The Motley Fool Discussion Boards
Financial Planning / Tax Strategies
|Subject: Obamacare premium credits & 1040?||Date: 9/22/2013 1:17 PM|
|Author: WendyBG||Number: 119188 of 121177|
The Affordable Care Act (ACA or Obamacare) selection exchanges are due to open on October 1, only a week from now. Each state's insurance department manages its own state health insurance exchange.
The ACA will not affect people who receive health insurance from their employers or the government (e.g. Medicare). The ACA affects people who will buy individual health insurance from private insurance companies.
The ACA is designed to provide affordable health insurance to low-income individuals by subsidizing the premiums through premium credits (tax refunds even for those who don't owe tax).
Like so many government programs, the eligibility rules are complex.
My question for today was:
1. What is income? Does it include distributions from retirement accounts, annuities, etc. or does it only include earned income, dividends, interest, etc.?
2. What is the level of subsidy?
Here are the answers:
Federation of American Scientists
Congressional Research Service
Health Insurance Premium Credits in the Patient Protection and Affordable Care Act
Specialist in Health Care Financing
Specialist in Social Policy
July 31, 2013
New federal tax credits were authorized in the Patient Protection and Affordable Care Act (ACA,
P.L. 111-148, as amended), to help certain individuals pay for health insurance coverage,
beginning in 2014. The tax credits will go toward covering premiums for health insurance offered
through exchanges—marketplaces offering private health plans. ACA also establishes subsidies to
reduce cost-sharing expenses. ...
The new premium credits established under ACA will be advanceable and refundable, meaning
taxpayers need not wait until the end of the tax year in order to benefit from the credit, and may
claim the full credit amount even if they have little or no federal income tax liability. Although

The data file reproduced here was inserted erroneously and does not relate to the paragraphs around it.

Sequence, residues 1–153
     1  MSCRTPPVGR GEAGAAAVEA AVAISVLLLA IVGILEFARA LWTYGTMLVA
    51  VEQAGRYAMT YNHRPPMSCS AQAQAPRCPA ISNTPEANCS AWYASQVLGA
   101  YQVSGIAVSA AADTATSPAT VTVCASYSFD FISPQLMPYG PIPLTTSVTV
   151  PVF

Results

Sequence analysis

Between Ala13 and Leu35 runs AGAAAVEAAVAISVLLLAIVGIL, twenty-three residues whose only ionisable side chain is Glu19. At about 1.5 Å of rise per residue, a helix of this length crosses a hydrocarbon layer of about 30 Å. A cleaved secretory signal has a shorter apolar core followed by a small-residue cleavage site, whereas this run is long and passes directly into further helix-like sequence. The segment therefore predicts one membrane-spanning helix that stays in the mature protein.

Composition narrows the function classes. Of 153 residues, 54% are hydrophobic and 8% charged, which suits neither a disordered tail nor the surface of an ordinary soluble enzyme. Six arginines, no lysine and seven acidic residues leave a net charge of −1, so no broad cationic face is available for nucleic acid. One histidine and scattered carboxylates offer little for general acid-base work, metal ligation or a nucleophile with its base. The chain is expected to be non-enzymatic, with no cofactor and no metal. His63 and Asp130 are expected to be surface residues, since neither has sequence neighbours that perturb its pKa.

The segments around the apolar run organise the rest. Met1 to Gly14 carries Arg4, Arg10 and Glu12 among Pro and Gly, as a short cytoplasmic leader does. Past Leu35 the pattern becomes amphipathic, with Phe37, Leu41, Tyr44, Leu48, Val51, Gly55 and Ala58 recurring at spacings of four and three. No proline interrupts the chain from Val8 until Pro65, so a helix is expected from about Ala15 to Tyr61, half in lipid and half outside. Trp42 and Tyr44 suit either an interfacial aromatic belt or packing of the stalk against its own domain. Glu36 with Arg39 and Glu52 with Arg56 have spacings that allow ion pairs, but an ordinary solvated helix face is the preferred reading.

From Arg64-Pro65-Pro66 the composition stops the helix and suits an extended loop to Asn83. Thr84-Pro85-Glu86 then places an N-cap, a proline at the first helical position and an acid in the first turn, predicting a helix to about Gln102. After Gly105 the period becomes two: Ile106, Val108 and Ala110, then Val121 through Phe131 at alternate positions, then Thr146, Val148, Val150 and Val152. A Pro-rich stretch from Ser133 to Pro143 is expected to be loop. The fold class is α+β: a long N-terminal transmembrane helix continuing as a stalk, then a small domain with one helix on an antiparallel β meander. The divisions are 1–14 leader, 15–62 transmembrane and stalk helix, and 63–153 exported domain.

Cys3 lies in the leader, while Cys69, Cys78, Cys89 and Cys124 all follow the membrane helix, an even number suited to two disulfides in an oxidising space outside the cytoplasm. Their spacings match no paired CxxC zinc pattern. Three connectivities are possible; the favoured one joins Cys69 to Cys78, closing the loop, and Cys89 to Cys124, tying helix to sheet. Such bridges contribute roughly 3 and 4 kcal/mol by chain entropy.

the premium credits will not be available until 2014, the examples provided in this report estimate
premium credit amounts by income levels and age, if the credits were available in 2013.
Under ACA, the amount received in premium cred
its is based on income tax returns. These
amounts are reconciled in the next year and can result in overpayment of premium credits if
income increases, which must be repaid to the federal government. ACA limited the amount of
In addition to premium credits, ACA authorized new cost-sharing subsidies. Certain premium
credit recipients will also be eligible for reductions in their annual cost-sharing limits. Moreover,
certain low-income individuals will receive additional subsidies in the form of reduced cost-
sharing requirements (e.g., lower copayments). ...
Given that exchanges are designed specifically to offer insurance options to individuals and small
businesses, exchanges must be structured to assist these two different types of “customers.”
States, therefore, must establish an exchange to serve individuals and another to serve small
businesses (“SHOP exchanges”). ACA gives states the option to merge both exchanges and
operate it under one structure...
Certain enrollees in the
exchanges will be eligible for premium assistance in the form
of federal tax credits. Since individuals who are eligible for employer-provided insurance are
eligible for the premium tax credits (with except
ions), such credits will not be provided through
the SHOP exchanges. The premium credit will
be an advanceable, refundable tax credit,
meaning taxpayers need not wait until the end of the tax year in order to benefit from the credit, and may
claim the full credit amount even if they have little or no federal income tax liability...
individual Eligibility for Premium Credits
ACA specifies that premium credits will be available to “applicable taxpayers” in a “coverage month” beginning in 2014.
applicable taxpayer is an individual who
• is part of a tax-filing unit;
• is enrolled in an exchange plan; and
• has household income at or above 100% of the federal poverty level (FPL), but not more than 400% FPL.